It was big news at City Hall yesterday: a coalition of businesspeople and top Republican politicians have reached an agreement on a ballot measure that will get rid of the city’s pension system for most new employees. This could — note those italics — lead to major savings and help the city recover its financial health. But there are unanswered questions.

First of all, if voters go along with the plan, how much will this deal save the city? One thing’s clear: the supporters don’t have the correct figures. As Liam Dillon reports, “supporters of the measure released a brief financial analysis for savings over the first five years to be $362.8 million. But that estimate attributes $135.4 million of those savings to something that’s largely been done.”

Is the plan legal? Well, attorneys signed off on it, apparently, but an earlier legal opinion cast doubt on the idea of a pay freeze and a financial specialist tells us he’s skeptical about it too. Even so, it’s part of the current plan.

There are a couple other big unknowns: Will the City Council’s Democrats come up with their own proposal? Although they’ve been on the sidelines of the pension issue, the Dems actually dominate the City Council. And will voters go along?

Bonuses for County Workers

The county board of supervisors approved a 2 percent bonus for thousands of county employees, the NCT reports. The money — an estimated $12.3 million in the next fiscal year — comes on top of the existing raises that some workers get as their levels of experience increase. Even the county’s chief administrative officer will get a bonus of $5,489 over a base pay of $274,497.

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Mayor Fumbles Layoff Number Again

Mayor Sanders went on national TV and declared that San Diego has laid off 17 percent of its municipal workers. As San Diego Fact Check finds, he’s off by a long shot. The actual number of workers laid off isn’t 17 percent.

Since 2007, the city has laid off 38 classified employees, less than 1 percent of its entire workforce. It has cut its workforce by 10 percent — the equivalent of about 1,194 full-time jobs — but that’s typically been through attrition: workers leave and their jobs aren’t filled.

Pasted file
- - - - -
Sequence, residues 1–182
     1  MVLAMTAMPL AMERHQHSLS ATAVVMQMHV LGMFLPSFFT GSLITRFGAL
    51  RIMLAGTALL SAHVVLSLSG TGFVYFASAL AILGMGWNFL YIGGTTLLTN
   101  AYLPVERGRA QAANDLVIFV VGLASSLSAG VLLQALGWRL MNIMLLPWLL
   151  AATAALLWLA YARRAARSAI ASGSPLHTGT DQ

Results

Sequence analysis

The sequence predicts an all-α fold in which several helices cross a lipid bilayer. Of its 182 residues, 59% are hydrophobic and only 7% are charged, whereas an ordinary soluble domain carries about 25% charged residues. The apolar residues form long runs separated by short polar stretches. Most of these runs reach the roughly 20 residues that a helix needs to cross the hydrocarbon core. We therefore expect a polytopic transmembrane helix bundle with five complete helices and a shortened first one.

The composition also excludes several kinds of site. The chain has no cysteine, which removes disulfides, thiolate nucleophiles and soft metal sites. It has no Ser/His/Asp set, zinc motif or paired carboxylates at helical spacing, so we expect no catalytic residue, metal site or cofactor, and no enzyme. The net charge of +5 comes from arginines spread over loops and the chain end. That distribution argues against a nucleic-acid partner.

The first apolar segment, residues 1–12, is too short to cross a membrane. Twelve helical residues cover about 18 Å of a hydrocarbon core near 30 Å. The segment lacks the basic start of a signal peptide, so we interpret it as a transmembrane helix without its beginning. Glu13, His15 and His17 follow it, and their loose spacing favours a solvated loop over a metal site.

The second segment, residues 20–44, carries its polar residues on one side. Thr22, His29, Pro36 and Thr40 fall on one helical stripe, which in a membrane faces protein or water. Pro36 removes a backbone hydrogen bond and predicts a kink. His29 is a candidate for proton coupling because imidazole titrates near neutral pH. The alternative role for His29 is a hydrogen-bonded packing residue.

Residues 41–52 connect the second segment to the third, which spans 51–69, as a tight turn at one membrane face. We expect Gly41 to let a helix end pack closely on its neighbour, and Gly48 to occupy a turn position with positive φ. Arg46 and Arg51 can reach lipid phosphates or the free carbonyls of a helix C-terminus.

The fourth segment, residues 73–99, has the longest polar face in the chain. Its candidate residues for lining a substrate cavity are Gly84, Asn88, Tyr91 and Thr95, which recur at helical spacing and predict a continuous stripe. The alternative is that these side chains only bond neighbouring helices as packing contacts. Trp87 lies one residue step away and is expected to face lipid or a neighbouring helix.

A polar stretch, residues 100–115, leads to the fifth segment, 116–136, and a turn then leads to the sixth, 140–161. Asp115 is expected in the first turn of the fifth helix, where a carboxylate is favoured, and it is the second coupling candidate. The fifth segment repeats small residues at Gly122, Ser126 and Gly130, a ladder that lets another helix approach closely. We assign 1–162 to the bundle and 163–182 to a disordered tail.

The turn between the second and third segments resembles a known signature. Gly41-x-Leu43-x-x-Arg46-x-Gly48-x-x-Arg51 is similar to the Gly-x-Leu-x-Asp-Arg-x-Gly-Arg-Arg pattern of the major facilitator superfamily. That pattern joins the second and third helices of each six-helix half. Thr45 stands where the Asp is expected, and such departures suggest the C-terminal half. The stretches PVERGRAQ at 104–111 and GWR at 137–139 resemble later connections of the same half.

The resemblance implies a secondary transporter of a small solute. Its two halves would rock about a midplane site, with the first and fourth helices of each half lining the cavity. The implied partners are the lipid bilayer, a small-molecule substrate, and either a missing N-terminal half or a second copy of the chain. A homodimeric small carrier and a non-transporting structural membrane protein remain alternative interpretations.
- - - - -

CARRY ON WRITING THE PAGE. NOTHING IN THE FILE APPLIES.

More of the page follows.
It’s not clear where the 17 percent figure came from.

Missed It by This Much

The U.S. Census Bureau miscounted the number of residents in San Diego by mistakenly including 6,000 service members in the city’s total instead of giving them to Coronado. The military types serve on aircraft carriers and officially belong to the Crown City.

Out of Prison, on to ‘Oprah’

The high-profile “fugitive mom” who was nabbed in San Diego after escaping from a Detroit-area prison in 1976 will appear on “Oprah” tomorrow, the AP reports. Susan LeFevre — now going by Marie Welsh — became a mother of three and was in her 50s when authorities found her living in Carmel Valley in 2008. She served a prison term in Michigan and was released in 2009.

Her website,, says she has a new book coming out. Is she apologetic? Well, you be the judge: her site says “she became a voiceless pawn shuttling across country on a prison-bound bus back to the confines of Michigan’s notoriously cruel penitentiary system.”

When a Personal Ad Becomes Public

A state appeal court upheld the San Diego school district’s decision to fire a middle-school teacher and dean of students who put an anonymous personal ad on Craigslist along with sexually explicit material, the LAT reports.

That’s a Whole Lotta Moose

North County authorities have recovered a pilfered 600-pound moose statue, which was found in a field in Ramona, but a bunch of other statues stolen from lawns remain missing, the LAT reports. The statues on the hoof include “a cast-iron woman in a flowing dress (stolen from Del Mar), two bronze horses (Solana Beach), a Thai buddha (Vista), a life-size lady with a water pitcher (San Marcos), a Virgin Mary (Ramona), a dolphin (San Marcos) and more.”

Anybody Got a Brain I Could Borrow?

Due to a cut-and-paste mishap, yesterday’s Morning Report dropped the last few letters of the surname of the local woman who wants to donate her brain to science. She’s Bette Ferguson.

Play Ball!

The Padres played their home season opener yesterday and won against the Giants. An 80-year-old fan named Barbara Votel planned to be in attendance: she’s been to every opening game since the team’s first in the major leagues back in 1969.

“I love the team and I’ve loved them all along,” she tells “I’ve been a baseball fan my whole life. We moved here in 1967 from Redondo Beach. But I could never root for the Dodgers.”

Bless her heart. By the way, you may not believe the name of the pitcher who helped the Padres win one of the team’s first few games back in ’69: His name was Johnny Podres.

Sue Me, Sue You Blues

Local geneticist J. Craig Venter is in hot water with the estate of author James Joyce: it’s mad because his team used one of his quotations — “To live, to err, to fall, to triumph, to recreate life out of life” — “as a watermark to distinguish … synthetic DNA from that occurring naturally in the bacterium into which it was transplanted,” the Guardian reports.

This is interesting news. I declared “To eat or not to eat” while standing in front of the fridge the other day. If Shakespeare has an estate, I’m totally busted for near-plagiarism.

Please contact Randy Dotinga directly at and follow him on Twitter:

Randy Dotinga is a freelance contributor to Voice of San Diego. Please contact him directly at

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